The mm50 only comes with one docking attachment – you’ll need this when using the iPod Mini, otherwise regular iPods and the Nano with dock connectors just fit in. There are only four buttons on the top of the unit – two for volume, ‘3D’ sound and power. The mm50 comes with a rechargeable battery that charges while plugged in. This unit is great if you want a really portable sound system that can easily be moved around the house or taken on trips with you. Logitech quote ten hours playback on a single charge. In my tests I got nearly ten-and-half hours of playback before recharging.

Sound quality was good, particularly for a small portable device. Bass response was good but not as good as the Bose. At times it sounded a bit tinny which can be outweighted by the advantage of portability. Other features I liked were the dock input on the back that allows you to sync your iPod while it is in the dock and the auxiliary input that allows you to plug in other devices like portable CD players or MP3 units.

In a similar vein to the Logitech mm50 is the InMotion 5 (iM5) by Altec Lansing ($249). It’s footprint is actually smaller then the mm50 and in my opinion sound is better, partiocularily in the low (bass) range. Plus, like its big brother the IM7 it has lots of output options (Composite video and sub-woofer output) and come plug (via USB) directly into the computer. Unlike the mm50 the IM5 comes without a rechargeable battery however you can add your own D-sized batteries if required. If you do, Altrec Lansing claim 24 hours playback time. The iM5 also ships without a remote control, however in a unit this size I’m not sure that it’s a big disadvantage. What really stands out with the iM5 is that way the dock cradle slides out – you’d think it was designed by Apple it’s so slick.

If you prefer a sound system that also includes a radio you might like to consider the iPal by Tivoli Audio (http://www.tivoliaudio.com/home.php) ($349). This unit is a mono speaker that includes an auxiliary jack at the back where you can plug in an iPod or any other device. It has a built in radio tuner that delivers superb sound for its diminutive size. The iPod also sounds good plugged in however the lack of remote control and a dedicated dock/stand makes it a little clumsy to use soley for this purpose. Like the mm50, iPal comes with a rechargeable battery good for about 3 hours of listening. At $349 it is dear for a mono unit particularily in light of the mm50’s $249 price tag, which to my ears sounded just as good. If however you’d like a high-quality portable radio that you can plug an iPod into it might be for you.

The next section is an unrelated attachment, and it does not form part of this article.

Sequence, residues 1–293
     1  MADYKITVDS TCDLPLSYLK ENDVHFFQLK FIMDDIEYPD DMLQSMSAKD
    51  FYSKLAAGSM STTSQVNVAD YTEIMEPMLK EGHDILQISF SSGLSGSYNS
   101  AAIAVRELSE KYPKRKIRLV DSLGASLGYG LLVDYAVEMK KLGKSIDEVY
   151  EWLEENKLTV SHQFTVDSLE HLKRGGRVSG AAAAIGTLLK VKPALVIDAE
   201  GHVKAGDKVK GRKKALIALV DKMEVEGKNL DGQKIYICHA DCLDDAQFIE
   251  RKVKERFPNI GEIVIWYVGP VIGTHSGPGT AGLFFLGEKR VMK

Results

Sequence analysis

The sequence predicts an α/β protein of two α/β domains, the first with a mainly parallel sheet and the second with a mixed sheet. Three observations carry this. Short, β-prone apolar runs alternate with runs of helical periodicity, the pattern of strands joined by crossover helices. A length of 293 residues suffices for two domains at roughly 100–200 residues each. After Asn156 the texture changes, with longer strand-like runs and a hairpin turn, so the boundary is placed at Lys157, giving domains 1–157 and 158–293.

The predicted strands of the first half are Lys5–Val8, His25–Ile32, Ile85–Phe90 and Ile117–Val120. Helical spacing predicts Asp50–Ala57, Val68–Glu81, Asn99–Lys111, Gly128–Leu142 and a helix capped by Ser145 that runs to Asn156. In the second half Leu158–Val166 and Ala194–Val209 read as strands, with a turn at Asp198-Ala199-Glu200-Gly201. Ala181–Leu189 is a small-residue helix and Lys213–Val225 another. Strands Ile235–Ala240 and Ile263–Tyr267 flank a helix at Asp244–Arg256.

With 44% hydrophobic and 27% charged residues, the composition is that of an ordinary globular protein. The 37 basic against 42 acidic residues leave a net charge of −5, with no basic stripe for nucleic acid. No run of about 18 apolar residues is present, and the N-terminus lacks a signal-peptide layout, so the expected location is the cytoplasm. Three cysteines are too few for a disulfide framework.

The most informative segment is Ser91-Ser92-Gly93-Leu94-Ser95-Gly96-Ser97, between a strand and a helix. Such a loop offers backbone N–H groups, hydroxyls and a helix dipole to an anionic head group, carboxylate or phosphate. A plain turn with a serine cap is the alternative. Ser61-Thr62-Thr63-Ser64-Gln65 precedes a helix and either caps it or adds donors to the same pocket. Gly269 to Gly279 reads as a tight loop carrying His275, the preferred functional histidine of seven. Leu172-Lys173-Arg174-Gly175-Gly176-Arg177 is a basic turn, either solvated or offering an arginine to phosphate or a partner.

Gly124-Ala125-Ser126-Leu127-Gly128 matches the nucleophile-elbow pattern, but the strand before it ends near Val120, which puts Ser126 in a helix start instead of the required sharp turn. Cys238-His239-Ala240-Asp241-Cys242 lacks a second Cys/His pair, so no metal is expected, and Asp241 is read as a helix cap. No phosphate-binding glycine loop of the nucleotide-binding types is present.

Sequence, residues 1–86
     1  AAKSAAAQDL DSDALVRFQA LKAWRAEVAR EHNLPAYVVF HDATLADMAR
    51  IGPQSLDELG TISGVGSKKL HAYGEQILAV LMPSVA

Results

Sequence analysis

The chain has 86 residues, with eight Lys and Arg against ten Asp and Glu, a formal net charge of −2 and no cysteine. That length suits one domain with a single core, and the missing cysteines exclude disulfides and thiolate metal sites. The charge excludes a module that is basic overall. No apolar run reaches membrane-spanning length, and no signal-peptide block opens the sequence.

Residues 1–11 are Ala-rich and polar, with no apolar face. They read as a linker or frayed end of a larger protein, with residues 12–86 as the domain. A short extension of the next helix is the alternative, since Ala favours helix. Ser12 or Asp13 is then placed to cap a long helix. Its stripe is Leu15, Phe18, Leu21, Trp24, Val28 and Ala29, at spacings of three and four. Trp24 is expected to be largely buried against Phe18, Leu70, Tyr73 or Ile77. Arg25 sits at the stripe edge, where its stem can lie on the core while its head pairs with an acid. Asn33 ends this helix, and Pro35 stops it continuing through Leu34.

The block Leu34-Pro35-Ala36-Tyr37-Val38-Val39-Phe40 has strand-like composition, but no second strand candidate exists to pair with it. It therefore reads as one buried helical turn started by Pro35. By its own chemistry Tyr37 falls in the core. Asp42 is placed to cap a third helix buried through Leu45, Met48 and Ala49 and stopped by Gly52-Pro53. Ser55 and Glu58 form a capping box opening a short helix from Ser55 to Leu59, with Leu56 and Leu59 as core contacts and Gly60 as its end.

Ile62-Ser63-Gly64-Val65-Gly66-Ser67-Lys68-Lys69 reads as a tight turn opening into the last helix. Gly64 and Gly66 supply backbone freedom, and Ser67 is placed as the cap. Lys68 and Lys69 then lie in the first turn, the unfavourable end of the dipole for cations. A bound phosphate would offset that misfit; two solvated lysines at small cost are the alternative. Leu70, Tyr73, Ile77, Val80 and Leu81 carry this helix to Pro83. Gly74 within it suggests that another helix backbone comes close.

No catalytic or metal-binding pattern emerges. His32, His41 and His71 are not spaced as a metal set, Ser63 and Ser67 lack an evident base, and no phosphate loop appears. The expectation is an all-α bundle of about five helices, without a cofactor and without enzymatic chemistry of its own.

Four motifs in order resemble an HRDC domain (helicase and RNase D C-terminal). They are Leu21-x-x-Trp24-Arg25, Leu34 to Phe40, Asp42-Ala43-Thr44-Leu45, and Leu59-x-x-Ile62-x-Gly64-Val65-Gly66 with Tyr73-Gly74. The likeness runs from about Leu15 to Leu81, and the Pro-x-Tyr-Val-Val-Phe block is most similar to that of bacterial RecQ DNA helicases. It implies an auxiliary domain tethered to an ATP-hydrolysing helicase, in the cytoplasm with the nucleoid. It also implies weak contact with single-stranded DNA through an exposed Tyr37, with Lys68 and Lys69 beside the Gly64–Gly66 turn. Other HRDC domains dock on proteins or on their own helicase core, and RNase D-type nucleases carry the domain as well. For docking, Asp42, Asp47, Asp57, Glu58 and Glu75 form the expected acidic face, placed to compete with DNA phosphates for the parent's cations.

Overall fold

At the other end of the iPod accessories universe you may prefer to listen to your music in private sans cables. In that case I suggest you check out the Wireless Headphones for iPod by Logitech ($249). The headphones connect to your iPod (with the remote connector) wirelessly with bluetooth technology. They don’t have a built-in mic like similar products on the market so they won’t pair with your bluetooth mobile phone.

In my testing sound quality was adequate but not exceptional due in part to the lack of resizing options on the headset – they just didn’t feel comfortable on. However, on a positive note there are iPod controls on headset itself that worked well meaning you can control your iPod (volume, play/pause, forward/backward) without taking it from your pocket or bag.

Apart from the size (the iM7 is slightly bigger and bulkier then the SoundDock) I think iM7 is the clear winner in terms of value for money, sound quality and features. If you’d like to spend a little less go for the iM5, and if you need a radio as well as portability the iPal is for you.